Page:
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GM-CSF (granulocyte macrophage colony-stimulating factor) supplementation in culture media for women undergoing assisted reproduction

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Abstract

Background: GM-CSF (granulocyte macrophage colony-stimulating factor) is a growth factor that is used to supplement culture media in an effort to improve clinical outcomes for those undergoing assisted reproduction. It is worth noting that the use of GM-CSF-supplemented culture media often adds a further cost to the price of an in vitro fertilisation (IVF) cycle. The purpose of this review was to assess the available evidence from randomised controlled trials (RCTs) on the effectiveness and safety of GM-CSF-supplemented culture media. Objectives: To assess the effectiveness and safety of GM-CSF-supplemented human embryo culture media versus culture media not supplemented with GM-CSF, in women or couples undergoing assisted reproduction. Search methods: We used standard methodology recommended by Cochrane. We searched the Cochrane Gynaecology and Fertility Group Trials Register, CENTRAL, MEDLINE, Embase, CINAHL, LILACS, DARE, OpenGrey, PubMed, Google Scholar, and two trials registers on 15 October 2019, checked references of relevant papers and communicated with experts in the field. Selection criteria: We included RCTs comparing GM-CSF (including G-CSF (granulocyte colony-stimulating factor))-supplemented embryo culture media versus any other non-GM-CSF-supplemented embryo culture media (control) in women undergoing assisted reproduction. Data collection and analysis: We used standard methodological procedures recommended by Cochrane. The primary review outcomes were live birth and miscarriage rate. The secondary outcomes were clinical pregnancy, multiple gestation, preterm birth, birth defects, aneuploidy, and stillbirth rates. We assessed the quality of the evidence using GRADE methodology. We undertook one comparison, GM-CSF-supplemented culture media versus culture media not supplemented with GM-CSF, for those undergoing assisted reproduction. Main results: We included five studies, the data for three of which (1532 participants) were meta-analysed. We are uncertain whether GM-CSF-supplemented culture media makes any difference to the live-birth rate when compared to using conventional culture media not supplemented with GM-CSF (odds ratio (OR) 1.19, 95% confidence interval (CI) 0.93 to 1.52, 2 RCTs, N = 1432, I2 = 69%, low-quality evidence). The evidence suggests that if the rate of live birth associated with conventional culture media not supplemented with GM-CSF was 22%, the rate with the use of GM-CSF-supplemented culture media would be between 21% and 30%. We are uncertain whether GM-CSF-supplemented culture media makes any difference to the miscarriage rate when compared to using conventional culture media not supplemented with GM-CSF (OR 0.75, 95% CI 0.41 to 1.36, 2 RCTs, N = 1432, I2 = 0%, low-quality evidence). This evidence suggests that if the miscarriage rate associated with conventional culture media not supplemented with GM-CSF was 4%, the rate with the use of GM-CSF-supplemented culture media would be between 2% and 5%. Furthermore, we are uncertain whether GM-CSF-supplemented culture media makes any difference to the following outcomes: clinical pregnancy (OR 1.16, 95% CI 0.93 to 1.45, 3 RCTs, N = 1532 women, I2 = 67%, low-quality evidence); multiple gestation (OR 1.24, 95% CI 0.73 to 2.10, 2 RCTs, N = 1432, I2 = 35%, very low-quality evidence); preterm birth (OR 1.20, 95% CI 0.70 to 2.04, 2 RCTs, N = 1432, I2 = 76%, very low-quality evidence); birth defects (OR 1.33, 95% CI 0.59 to 3.01, I2 = 0%, 2 RCTs, N = 1432, low-quality evidence); and aneuploidy (OR 0.34, 95% CI 0.03 to 3.26, I2 = 0%, 2 RCTs, N = 1432, low-quality evidence). We were unable to undertake analysis of stillbirth, as there were no events in either arm of the two studies that assessed this outcome. Authors' conclusions: Due to the very low to low quality of the evidence, we cannot be certain whether GM-CSF is any more or less effective than culture media not supplemented with GM-CSF for clinical outcomes that reflect effectiveness and safety. It is important that independent information on the available evidence is made accessible to those considering using GM-CSF-supplemented culture media. The claims from marketing information that GM-CSF has a positive effect on pregnancy rates are not supported by the available evidence presented here; further well-designed, properly powered RCTs are needed to lend certainty to the evidence.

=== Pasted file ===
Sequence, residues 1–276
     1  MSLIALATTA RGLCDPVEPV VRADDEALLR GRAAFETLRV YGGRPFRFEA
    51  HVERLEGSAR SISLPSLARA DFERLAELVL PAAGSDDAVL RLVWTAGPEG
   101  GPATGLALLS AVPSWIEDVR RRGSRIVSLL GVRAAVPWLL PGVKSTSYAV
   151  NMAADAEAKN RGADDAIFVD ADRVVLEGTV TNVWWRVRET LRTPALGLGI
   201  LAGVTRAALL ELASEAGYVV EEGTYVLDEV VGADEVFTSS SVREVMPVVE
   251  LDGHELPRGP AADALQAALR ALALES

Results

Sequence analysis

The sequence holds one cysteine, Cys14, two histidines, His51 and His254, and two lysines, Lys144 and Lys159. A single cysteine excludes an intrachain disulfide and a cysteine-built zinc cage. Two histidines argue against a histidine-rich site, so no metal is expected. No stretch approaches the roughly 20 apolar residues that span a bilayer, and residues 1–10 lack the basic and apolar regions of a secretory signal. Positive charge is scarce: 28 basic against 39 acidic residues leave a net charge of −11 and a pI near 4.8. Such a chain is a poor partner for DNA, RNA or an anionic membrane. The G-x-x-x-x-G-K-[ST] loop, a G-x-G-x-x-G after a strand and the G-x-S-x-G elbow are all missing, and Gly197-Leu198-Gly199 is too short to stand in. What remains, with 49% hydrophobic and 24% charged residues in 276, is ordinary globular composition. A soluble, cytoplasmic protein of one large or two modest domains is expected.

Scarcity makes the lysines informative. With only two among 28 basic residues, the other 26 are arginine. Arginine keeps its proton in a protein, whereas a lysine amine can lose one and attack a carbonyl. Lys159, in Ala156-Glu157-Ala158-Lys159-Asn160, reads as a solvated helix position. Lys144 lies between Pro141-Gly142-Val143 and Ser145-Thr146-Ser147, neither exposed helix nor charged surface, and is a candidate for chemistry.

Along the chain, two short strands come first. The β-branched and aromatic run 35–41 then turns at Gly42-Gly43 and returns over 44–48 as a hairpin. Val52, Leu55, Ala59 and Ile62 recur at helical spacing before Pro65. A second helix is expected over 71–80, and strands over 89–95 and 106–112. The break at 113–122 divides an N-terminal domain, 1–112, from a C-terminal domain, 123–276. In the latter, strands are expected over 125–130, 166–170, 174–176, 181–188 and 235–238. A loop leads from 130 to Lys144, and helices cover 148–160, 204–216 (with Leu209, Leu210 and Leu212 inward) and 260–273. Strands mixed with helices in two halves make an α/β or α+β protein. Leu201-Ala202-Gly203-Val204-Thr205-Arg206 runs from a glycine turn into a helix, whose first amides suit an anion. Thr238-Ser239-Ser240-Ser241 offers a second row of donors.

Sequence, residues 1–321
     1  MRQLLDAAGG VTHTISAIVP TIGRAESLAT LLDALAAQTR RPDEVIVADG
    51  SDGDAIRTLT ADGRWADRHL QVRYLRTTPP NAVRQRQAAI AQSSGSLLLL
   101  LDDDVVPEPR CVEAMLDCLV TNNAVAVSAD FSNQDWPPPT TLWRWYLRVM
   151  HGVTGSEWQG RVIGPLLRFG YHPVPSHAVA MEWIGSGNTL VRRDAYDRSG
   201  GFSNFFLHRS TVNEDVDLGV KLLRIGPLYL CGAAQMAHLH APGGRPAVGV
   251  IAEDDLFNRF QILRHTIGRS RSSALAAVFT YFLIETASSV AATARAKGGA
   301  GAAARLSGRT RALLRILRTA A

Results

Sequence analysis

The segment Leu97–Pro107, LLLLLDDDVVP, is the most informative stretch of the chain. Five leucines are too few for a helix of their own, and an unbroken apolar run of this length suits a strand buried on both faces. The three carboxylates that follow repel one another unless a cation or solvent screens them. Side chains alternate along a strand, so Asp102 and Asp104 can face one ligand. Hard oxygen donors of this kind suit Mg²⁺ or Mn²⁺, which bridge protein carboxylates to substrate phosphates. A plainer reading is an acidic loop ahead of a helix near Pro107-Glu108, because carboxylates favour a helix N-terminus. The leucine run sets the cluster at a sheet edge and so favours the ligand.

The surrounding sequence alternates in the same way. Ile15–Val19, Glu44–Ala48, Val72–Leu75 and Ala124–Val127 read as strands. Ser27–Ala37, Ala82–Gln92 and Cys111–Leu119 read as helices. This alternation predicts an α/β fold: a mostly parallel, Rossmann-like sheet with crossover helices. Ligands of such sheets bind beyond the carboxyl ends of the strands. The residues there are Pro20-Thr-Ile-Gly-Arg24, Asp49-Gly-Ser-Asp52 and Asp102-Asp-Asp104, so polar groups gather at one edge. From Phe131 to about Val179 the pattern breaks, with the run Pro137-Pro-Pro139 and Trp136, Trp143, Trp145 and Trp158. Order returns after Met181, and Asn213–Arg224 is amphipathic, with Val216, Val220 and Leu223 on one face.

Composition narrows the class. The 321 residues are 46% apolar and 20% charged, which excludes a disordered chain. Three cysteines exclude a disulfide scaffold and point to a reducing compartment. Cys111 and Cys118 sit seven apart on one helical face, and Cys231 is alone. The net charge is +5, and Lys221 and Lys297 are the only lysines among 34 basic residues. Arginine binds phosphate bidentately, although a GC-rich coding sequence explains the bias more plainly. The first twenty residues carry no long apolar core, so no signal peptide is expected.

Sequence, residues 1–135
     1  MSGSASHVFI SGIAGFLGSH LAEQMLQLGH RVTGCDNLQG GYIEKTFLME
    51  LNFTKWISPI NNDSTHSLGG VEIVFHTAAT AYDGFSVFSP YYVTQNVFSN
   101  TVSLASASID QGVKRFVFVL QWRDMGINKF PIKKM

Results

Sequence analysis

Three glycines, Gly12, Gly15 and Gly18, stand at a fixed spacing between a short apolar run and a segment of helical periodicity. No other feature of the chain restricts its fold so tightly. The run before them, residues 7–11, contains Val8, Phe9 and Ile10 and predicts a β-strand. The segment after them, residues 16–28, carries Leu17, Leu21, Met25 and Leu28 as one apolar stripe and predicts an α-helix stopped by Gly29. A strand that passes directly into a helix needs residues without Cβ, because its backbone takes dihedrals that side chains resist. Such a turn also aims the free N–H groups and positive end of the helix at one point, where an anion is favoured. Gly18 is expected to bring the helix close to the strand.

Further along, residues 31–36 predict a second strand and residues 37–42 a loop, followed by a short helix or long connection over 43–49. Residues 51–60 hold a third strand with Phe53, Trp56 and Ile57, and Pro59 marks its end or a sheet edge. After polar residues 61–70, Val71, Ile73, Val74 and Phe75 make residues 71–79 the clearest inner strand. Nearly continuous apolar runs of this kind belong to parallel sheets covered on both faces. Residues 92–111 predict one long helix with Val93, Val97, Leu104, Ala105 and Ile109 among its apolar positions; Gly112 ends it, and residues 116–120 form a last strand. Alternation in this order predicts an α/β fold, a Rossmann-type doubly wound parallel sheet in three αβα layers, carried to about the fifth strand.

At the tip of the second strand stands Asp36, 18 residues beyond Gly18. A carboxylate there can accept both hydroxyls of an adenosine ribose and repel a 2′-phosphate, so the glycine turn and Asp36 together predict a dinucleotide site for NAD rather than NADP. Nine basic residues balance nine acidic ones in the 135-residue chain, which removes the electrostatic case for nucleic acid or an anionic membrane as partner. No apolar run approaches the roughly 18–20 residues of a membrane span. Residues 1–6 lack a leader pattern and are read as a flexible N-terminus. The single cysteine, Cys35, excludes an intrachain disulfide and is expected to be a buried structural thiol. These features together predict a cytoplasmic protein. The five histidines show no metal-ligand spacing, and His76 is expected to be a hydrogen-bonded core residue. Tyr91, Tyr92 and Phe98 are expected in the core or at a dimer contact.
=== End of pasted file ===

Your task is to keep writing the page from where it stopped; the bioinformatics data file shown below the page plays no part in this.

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Armstrong, S., MacKenzie, J., Woodward, B., Pacey, A., & Farquhar, C. (2020, July 16). GM-CSF (granulocyte macrophage colony-stimulating factor) supplementation in culture media for women undergoing assisted reproduction. Cochrane Database of Systematic Reviews. John Wiley and Sons Ltd. https://doi.org/10.1002/14651858.CD013497.pub2

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